Philip Hersh, Chicago Tribune -- The International Olympic Committee’s latest indulgence to wretched excess ended Sunday with the closing ceremony of the 2014 Paralympics in Sochi, Russia.

The IOC sat idly by while Russia passed anti-gay legislation that mocked the Olympic Charter; spent an estimated $51 billion (a big chunk apparently lining the pockets of Russian President Vladimir Putin’s oligarch biddies); despoiled the environment; and left sports venues and high-end hotels that may be used sparingly, if at all, in years to come.

So it seemed a combination of both irony and coincidence that the application filing date for potential 2022 Winter Games host cities was last Friday.

Five cities applied.

The shame is the best possible candidate isn’t in a race that will end with a July 31, 2015 IOC vote.

There is one great candidate among the five: Oslo, Norway. There is another candidate, Almaty, Kazakhstan, that sadly could become the favorite if the good people of Norway remain properly skeptical about funding the idea.

A Winter Games in Kazakhstan, seen by Transparency International as one of the world’s most corrupt countries and run by a Putin-style strongman, Nursultan Nazarbayev, would make the financial excesses and improprieties of Sochi seem like pocket change.

The other applicants: Lviv, Ukraine (excuse the bitter laughter); Krakow, Poland, which proposes having some events in another country, Slovakia; and Beijing, which would have some mountain events 150 miles away in Zhangjiakou, and all outdoor competitions would be invisible given the levels of winter air pollution in both places.

And the best possible candidate, for 2022, 2026, whenever?

It is where the IOC would go if its pledges to reduce fiscal insanity, leave a sustainable legacy and minimize environmental impact were more than idle words.

It is where the IOC would go if it could recognize its own hypocrisy.

It is Salt Lake City, host of the 2002 Winter Olympics.

Every sports venue from the 2002 Olympics still is being widely used, nearly all for the same sort of high-level international competition, many for training of both elite and young athletes, others for recreation, some (like Soldier Hollow) for both summer and winter activities.  Sochi Olympic champions including Ted Ligety, Sage Kotsenburg and Joss Christensen all developed in the Salt Lake area.

That was the vision Salt Lake City presented in its bid, and it may be the only former Olympic host where that vision has been fully realized.

That includes usual Winter Olympic white elephants like a sliding center and a ski jump hill – both very much alive at the Utah Olympic Park in Park City.

Only the downhill / Super-G courses at Snowbasin have not been re-used for elite competition, because the ski area’s late owner, Earl Holding, chose not to make them available.  If Snowbasin did not want to be part of another Olympic bid, there are other slopes in the Park City / Deer Valley area that could handle the Alpine speed events.

The advantages Salt Lake City always had are still there: airport with a wide range of destinations, typically excellent snow conditions, ease of access to venues (Soldier Hollow, home to Nordic skiing and biathlon, was the only venue more than an hour from downtown Salt Lake), plenty of spectator and media housing.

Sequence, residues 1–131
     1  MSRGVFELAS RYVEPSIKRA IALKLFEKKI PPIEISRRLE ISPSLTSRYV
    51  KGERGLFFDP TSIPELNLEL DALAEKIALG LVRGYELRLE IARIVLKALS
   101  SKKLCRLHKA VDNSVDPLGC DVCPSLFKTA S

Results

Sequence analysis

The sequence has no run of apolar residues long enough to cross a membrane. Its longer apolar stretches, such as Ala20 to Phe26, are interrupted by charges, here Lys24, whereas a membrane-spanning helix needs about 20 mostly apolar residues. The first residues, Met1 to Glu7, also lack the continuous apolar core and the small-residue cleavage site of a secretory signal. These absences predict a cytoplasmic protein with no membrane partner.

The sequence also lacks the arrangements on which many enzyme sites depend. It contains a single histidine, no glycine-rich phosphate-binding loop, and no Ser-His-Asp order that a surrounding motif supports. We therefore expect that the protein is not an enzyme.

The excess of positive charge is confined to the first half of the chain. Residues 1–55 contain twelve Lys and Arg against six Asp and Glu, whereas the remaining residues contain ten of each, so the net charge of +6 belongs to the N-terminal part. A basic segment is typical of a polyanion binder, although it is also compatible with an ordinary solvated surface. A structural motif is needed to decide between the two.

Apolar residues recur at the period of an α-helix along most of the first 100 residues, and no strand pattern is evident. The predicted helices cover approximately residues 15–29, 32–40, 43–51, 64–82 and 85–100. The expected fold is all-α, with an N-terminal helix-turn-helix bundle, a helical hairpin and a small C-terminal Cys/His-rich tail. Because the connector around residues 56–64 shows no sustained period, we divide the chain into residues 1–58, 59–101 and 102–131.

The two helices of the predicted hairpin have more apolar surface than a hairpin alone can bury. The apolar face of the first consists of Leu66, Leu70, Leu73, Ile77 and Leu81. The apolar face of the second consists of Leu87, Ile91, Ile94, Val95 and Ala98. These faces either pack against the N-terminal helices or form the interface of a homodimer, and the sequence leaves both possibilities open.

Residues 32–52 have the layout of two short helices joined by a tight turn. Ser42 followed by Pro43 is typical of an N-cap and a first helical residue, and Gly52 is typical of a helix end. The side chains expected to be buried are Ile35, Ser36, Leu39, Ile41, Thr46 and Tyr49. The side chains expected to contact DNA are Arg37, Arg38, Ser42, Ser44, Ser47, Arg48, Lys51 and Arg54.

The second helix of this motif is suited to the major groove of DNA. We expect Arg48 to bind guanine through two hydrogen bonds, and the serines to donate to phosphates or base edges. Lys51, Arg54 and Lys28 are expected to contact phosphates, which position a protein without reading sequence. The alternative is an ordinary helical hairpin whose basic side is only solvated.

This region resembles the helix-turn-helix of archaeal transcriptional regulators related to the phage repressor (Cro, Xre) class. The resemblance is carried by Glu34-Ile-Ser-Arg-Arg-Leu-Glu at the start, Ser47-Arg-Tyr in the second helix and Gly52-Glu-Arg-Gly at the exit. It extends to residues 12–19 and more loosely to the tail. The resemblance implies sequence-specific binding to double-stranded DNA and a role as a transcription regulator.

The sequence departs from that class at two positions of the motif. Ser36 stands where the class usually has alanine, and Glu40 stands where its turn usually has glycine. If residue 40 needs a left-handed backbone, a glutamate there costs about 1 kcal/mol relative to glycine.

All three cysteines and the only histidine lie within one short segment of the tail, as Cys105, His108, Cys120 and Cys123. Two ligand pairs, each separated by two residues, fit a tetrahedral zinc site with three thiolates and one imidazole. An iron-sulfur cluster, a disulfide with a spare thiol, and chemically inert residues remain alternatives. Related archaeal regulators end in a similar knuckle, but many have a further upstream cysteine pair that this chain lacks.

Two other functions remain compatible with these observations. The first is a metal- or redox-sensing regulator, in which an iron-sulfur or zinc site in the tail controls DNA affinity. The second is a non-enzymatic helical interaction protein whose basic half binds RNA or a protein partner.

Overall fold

An Olympic Village would be the only major construction needed. 

All 2,200 rooms in the 2002 athletes’ village have become student housing at the University of Utah, allowing it to move away from being thought of as a commuter school.  It would welcome a chance to get more housing with similar financial help from another Olympic organizing committee.

"The University of Utah is a different place because of the opportunity we got from the Olympics," said Jerry Basford, associate vice-president for student affairs.

All the worries that strait-laced Salt Lake would be a no-fun 2002 Olympic host were groundless.

Partly because the Main Media Center was in the heart of downtown, there was constantly life on the streets.  Thanks to gracious cooperation from Mormon leaders, church property became a temporary Olympic medals plaza / concert venue downtown – the first time a Winter Olympic host city had that kind of lively attraction.

Some IOC members resent Salt Lake City for having been the epicenter of the Olympic bid city bribes-for-votes scandal in which nearly three dozen members were implicated, a dozen shown to be thieving petty potentates.

In fact, Salt Lake was only the place where that cesspool happened to bubble to the surface and was thoroughly exposed by what much of the world sees as a peculiar U.S. commitment to truth and transparency.  The bribery had gone on for years before the 1995 IOC vote that gave the Winter Games to Utah – and likely still is.

The U.S. Olympic Committee chose not to have a candidate in the 2022 race and is concentrating its efforts on finding a bid city for the 2024 Summer Games.   The USOC’s chances of picking a winner are decreased by the publicly expressed disinterest – to date – of New York, San Francisco and Chicago, leaving two-time host Los Angeles as the only seemingly viable candidate.

The U.S. would have a better shot with a 2026 winter bid.

The likely IOC resistance to Salt Lake is why I wrote three years ago that Denver and its region had the strongest case for a U.S. winter bid.

That might still be true, but the Colorado costs would be so enormous that there is no doubt Salt Lake is the best choice - if only to make the IOC look like fools by rejecting it.

Or, given that this is the IOC we are talking about, more like fools.